9 facts parents need to know about the Voxer app

9 facts parents need to know about the Voxer app

Welcome to Tech Tuesday, Tween Us readers! Today we're addressing what parents need to know about Voxer, the app that turns a smartphone into a walkie talkie. In addition to sending voice messages back and forth, Voxer users can also send texts, photos, or location info.

Here's what parents need to know about the Voxer app:

* Under the Voxer Terms of Use, it says "This service is only for individuals aged 13 or older. . . . By accepting these terms you represent that you are not under the age of 13." (This is completely separate from the App Store rating of 4+ because it has no objectionable content. Just because the app store says it's okay for  certain does not mean that it is the age requirement of the app itself.)

* Like most message apps, it can be and has been used for cyberbullying. In fact, it was one of the apps (in addition to Ask.fm and Kik) that bullies harassed 12 year-old Rebecca Ann Sedwick, the Florida tween who committed suicide this fall.

* Review with kids that "delete" on this app and on the internet in general is a relative term. "Delete" is not always permanent, on Voxer or anywhere else on the net. Voice messages and images sent through Voxer could be posted by the recipient or sent to other users.

* Similarly, parents also need to discuss with young Voxer users that nothing on a smartphone is truly private, including messages and images sent through Voxer. They can be posted publicly for the entire internet to see.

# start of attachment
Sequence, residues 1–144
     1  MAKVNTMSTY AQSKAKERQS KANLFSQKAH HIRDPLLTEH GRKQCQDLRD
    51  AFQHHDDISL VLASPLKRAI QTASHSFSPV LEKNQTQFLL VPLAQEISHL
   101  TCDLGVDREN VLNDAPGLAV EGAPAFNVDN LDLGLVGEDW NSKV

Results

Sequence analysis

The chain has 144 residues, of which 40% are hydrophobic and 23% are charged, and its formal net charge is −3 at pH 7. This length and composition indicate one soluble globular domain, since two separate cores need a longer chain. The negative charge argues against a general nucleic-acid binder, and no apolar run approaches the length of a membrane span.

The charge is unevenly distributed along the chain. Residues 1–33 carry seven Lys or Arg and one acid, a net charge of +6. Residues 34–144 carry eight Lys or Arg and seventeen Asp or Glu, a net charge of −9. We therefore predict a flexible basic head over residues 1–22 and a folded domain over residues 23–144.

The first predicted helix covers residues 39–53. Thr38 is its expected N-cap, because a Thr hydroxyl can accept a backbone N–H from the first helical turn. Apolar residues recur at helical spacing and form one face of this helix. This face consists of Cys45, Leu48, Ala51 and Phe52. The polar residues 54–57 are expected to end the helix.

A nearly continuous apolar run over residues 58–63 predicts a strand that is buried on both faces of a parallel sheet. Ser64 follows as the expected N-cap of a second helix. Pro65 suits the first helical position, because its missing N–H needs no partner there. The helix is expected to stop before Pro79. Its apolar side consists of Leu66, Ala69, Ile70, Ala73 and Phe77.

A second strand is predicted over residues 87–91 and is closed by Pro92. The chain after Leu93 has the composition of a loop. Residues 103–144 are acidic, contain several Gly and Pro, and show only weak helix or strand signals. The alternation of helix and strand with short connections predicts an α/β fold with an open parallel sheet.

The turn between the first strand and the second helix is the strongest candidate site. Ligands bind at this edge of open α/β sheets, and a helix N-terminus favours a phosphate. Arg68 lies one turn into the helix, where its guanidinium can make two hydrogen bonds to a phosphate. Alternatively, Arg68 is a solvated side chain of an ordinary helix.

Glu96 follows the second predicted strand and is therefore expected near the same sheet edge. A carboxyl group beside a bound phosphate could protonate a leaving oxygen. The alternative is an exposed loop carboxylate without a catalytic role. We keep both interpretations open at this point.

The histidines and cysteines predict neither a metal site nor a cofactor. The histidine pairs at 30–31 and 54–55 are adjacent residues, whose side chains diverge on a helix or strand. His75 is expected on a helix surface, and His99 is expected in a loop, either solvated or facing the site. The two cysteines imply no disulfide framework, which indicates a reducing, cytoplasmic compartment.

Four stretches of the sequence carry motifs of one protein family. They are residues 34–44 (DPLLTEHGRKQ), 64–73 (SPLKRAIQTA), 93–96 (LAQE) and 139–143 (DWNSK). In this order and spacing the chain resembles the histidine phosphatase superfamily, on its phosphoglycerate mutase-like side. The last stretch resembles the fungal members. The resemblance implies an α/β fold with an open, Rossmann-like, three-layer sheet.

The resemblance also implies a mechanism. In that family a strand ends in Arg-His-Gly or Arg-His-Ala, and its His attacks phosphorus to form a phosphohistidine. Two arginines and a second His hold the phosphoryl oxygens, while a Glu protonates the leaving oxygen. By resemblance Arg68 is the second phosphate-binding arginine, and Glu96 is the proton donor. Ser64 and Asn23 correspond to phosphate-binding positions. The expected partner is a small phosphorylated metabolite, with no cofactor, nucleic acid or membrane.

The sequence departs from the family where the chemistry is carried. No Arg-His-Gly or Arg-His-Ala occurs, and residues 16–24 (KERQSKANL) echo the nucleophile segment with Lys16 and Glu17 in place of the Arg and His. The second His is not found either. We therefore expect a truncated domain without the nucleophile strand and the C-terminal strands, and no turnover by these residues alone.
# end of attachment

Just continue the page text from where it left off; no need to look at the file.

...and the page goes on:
* Speaking of privacy, parents need to check both privacy settings and location settings on Voxer. According to McAfee.com, "By default, the Voxer app enables 'Share Location' and disables the 'Privacy Mode'."  Your kid can be revealing his/her location and other personal information to strangers without even knowing it.

* You don't have a way of verifying who is on the other end of a Voxer account. People have been known to set up fake accounts, which makes cyberbullying and other inappropriate behavior easier. This is why parents need to ask the question about all the connections

* Group messages are possible - not necessarily a bad thing, just something parents need to know and need to discuss with kids how to extricate business-emotionthemselves from such conversations. One bad apple can send a group conversation south, quickly.

* Kids count on parents not monitoring Voxer and the has been used to further criminal behavior. In Pennsylvania, police warned parents about Voxer after a 49-year-old man was charged with statutory sexual assault for an alleged illicit relationship with a teenage girl. They could communicate via the app without the teens parents known.

* Parents need to be where their tweens are online, and in this case, that's not a bad thing. Some parents really like Voxer as a way to communicate with kids. A writer on CoolMomTech said, "[I]t’s perfect for parents who travel too. There are times I’ve been in a different time zone and want to leave a good morning message for my girls while they’re asleep. And the best part is that it’s so easy for them to leave one right back when they get up, without incurring the phone charges." It's a great example of technology isn't good or bad, it's who is using it and how that can be bad.

Be where your kids are online. Some of the parents on  Voxer are making the most of it, which is awesome.

As always, parents should ask their child the one question about any and all of their children's online connections: Do you know this person in real life?

There are several other apps that are popular with tweens but not always safe. Check out the Tween Us guides for parents:

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